“Game of Thrones” has now seen seven finales, ranging from mildly dramatic to mind numbingly shocking. The best finales answer the biggest questions of the season while simultaneously asking the questions that will drive the action of the following season, doing so in a thrilling way. “Thrones” has closed seasons with mass murders, chilling zombie scenes and fiery displays of power, so there’s a lot of anticipation before every finale. With only one more finale left to come, the season seven finale may not rank number one when compared to others, but it gave the audience many things they wanted, holding back just enough to make the undetermined waiting period until the final season that much more painful.
Season seven performed well in terms of plot. The driving question of the series has always remained the same: Who will end up on the Iron Throne? But much of season seven was dedicated to smaller points, which allowed the finale to be satisfyingly conclusive in many ways. What do Arya and Sansa plan for each other? Will Cersei agree to a truce? Will Jaime remain loyal to her? Has Theon really changed at all? How will Jon and Daenerys interact? Will Jon and Dany do more than “interact”? Neatly tying up all these threads compares nicely to the first season, which tied up many threads relating to the death of Jon Arryn while setting up the next season to delve further into the War of Five Kings.
In terms of drama, the season seven finale provided. Cersei stole the season six finale with her terrifying explosion, which couldn’t have been improved even if nuclear weapons were involved. Nothing beats an expected action that’s carried out in a totally unexpected way. The closest equivalent from season seven was the clincher at Winterfell. Sansa’s cold justice may not have been as visually stunning as Cersei’s fiery revenge, but it was an expected action carried out in an unexpected way. Plus, nobody likes Cersei, so a victory for her may be shocking, but a victory for Sansa and Arya against Littlefinger--two well-liked protagonists against an evil, manipulative, power-hungry monster--that’s gold (similar to the satisfying death of Tywin Lannister, another deserving wretch, in the season four finale).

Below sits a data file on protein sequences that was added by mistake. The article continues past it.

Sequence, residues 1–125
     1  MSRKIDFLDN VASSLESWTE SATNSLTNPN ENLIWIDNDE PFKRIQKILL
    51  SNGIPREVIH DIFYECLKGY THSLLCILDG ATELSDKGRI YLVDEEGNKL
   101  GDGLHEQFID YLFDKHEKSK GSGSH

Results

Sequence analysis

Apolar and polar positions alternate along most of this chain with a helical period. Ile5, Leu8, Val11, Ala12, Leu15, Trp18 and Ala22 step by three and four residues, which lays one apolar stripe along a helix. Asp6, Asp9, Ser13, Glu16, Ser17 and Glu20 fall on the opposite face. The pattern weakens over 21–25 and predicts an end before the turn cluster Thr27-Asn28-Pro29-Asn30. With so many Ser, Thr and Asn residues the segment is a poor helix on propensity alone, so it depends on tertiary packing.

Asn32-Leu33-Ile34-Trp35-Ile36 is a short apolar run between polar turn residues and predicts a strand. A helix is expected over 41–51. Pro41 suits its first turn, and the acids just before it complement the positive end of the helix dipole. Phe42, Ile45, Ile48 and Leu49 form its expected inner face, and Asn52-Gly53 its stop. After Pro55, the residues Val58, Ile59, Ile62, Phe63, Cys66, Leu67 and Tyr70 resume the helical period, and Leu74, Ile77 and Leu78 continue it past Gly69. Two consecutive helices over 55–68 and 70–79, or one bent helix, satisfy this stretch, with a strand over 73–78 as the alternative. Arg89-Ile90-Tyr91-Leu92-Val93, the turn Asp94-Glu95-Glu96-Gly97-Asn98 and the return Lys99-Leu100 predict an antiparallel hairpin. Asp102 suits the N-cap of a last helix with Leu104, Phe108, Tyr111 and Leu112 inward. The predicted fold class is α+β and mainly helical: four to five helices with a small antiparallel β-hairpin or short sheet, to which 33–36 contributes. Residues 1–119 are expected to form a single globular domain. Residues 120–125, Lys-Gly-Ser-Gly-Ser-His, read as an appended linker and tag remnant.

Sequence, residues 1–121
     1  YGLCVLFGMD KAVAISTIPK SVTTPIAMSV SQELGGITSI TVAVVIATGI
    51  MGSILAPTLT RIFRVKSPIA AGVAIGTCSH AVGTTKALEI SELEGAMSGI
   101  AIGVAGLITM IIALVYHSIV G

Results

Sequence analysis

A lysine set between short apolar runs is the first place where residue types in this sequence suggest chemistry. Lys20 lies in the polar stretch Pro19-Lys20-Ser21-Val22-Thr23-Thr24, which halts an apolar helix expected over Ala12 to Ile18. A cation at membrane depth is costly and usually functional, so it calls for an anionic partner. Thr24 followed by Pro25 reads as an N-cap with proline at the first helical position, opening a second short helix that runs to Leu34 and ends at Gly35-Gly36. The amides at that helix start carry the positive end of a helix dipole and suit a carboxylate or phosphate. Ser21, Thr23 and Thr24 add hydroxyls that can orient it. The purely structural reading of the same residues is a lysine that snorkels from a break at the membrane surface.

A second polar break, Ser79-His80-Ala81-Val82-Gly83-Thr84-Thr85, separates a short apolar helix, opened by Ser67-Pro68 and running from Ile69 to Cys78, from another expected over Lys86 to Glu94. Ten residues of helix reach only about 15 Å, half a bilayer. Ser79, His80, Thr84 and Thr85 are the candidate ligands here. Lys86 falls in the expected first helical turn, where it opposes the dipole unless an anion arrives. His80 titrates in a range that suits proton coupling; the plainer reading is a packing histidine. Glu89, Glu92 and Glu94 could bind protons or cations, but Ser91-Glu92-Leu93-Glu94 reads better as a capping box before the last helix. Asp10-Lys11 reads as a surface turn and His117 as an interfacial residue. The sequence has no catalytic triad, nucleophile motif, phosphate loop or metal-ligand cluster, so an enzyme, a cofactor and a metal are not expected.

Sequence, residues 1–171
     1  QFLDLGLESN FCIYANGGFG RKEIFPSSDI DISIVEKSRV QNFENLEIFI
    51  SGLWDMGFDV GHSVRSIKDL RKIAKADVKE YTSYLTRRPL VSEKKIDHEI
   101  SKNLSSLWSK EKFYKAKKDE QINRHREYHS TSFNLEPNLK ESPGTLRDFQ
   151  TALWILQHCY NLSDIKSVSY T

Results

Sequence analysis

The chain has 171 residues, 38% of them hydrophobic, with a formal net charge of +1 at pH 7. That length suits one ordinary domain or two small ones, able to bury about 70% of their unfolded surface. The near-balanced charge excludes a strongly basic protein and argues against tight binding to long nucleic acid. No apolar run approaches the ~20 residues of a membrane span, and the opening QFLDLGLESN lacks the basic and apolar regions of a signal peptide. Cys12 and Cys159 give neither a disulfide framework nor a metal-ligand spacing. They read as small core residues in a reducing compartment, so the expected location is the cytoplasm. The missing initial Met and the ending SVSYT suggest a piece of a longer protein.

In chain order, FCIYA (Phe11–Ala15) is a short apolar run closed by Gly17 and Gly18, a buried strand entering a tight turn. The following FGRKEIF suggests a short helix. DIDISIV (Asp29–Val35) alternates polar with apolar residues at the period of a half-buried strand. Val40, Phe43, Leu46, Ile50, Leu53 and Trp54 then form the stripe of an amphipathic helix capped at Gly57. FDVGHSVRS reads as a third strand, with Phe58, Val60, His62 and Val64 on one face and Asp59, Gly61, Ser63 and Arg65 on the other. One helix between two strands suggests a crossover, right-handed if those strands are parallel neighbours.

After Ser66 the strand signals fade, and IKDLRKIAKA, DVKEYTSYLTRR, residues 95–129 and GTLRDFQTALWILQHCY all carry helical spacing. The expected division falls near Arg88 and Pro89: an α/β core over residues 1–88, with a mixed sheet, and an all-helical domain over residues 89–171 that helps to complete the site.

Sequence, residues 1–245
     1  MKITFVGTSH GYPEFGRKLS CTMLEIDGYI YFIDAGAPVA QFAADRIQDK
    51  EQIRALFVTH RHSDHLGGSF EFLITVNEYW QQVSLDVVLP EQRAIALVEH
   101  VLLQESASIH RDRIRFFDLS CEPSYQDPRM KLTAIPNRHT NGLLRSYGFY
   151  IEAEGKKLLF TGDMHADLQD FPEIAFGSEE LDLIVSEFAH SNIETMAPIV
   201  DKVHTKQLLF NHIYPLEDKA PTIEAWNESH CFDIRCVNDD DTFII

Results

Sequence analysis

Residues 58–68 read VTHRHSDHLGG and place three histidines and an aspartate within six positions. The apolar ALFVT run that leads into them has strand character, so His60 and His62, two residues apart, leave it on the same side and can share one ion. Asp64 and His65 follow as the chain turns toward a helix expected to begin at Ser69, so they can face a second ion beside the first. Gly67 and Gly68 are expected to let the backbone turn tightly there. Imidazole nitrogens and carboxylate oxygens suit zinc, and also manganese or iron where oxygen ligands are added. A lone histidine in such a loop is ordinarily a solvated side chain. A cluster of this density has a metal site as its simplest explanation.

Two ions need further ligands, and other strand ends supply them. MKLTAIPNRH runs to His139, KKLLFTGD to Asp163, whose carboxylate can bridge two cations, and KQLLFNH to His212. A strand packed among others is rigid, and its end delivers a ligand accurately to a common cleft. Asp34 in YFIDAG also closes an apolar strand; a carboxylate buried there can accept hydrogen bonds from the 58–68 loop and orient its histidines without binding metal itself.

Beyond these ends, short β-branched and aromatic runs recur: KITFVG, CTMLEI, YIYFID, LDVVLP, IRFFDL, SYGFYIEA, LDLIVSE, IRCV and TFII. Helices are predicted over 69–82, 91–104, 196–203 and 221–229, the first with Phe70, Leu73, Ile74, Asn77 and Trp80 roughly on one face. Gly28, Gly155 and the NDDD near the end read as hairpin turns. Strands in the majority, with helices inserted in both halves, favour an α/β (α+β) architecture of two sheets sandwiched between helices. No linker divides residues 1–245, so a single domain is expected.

Judging shock value, the latest finale wasn’t spectacular. There were a few zingers--Cersei’s plan with the Golden Company, Jon’s non-bastardness, Viserion’s return--but we’ve seen better. Knowing Cersei, her conniving side projects aren’t too surprising, and Jon’s legitimacy may have been startling, but it throws a wrench in Daenerys’s plan for Westerosi domination. In terms of shock, season six’s Jon Snow reveal was more exciting than the season seven continuation on the same theme. Furthermore, the supposed murder of Jon Snow in season five was an even bigger shock than anything to do with his heritage.
Jon’s supposed death in season five also makes cliff-hangers a hard category for season seven to contend with. Jon kept talking about the huge threat the White Walkers pose, but North of the Wall only wildlings and polar bears were at risk. The threat has increased now that the Night King used his zombie dragon to blast through the Wall that’s stood for six seasons. This development has put audiences on the edge of their seats, a position that may be uncomfortable to maintain for a year or so until answers are finally provided. Given that this was the next logical step for the plot to take, we’re hanging off the cliff, but we’ve got a pretty good handhold. Ending the season with the White Walkers is a nice throwback to the season two finale when Sam was huddled behind a rock and the White Walker kindly ignored him to continue toward the Fist of the First Men.
The last thing that the season seven finale has done well is lay the groundwork for the final episodes. Will Cersei’s plan work? Will Dany lose more dragons to the Night King or will the good guys succeed? How will Jon (and more importantly, his newfound lover) react to the knowledge of his parentage? Perhaps we aren’t watching our characters sail to new lands, like Dany in the season six finale or Arya in the season four finale. There was no recent battle to reel from, like the Battle of the Bastards right before season six ended, or the Battle on the Blackwater which preceded the season two finale. Yet, the second-to-last “Game of Thrones” finale has given fans a conclusion with as many strengths and weaknesses as all the conclusions that have come before.
Alex Houdeshell is a staff writer for The Daily Campus. She can be reached via email at email@example.com.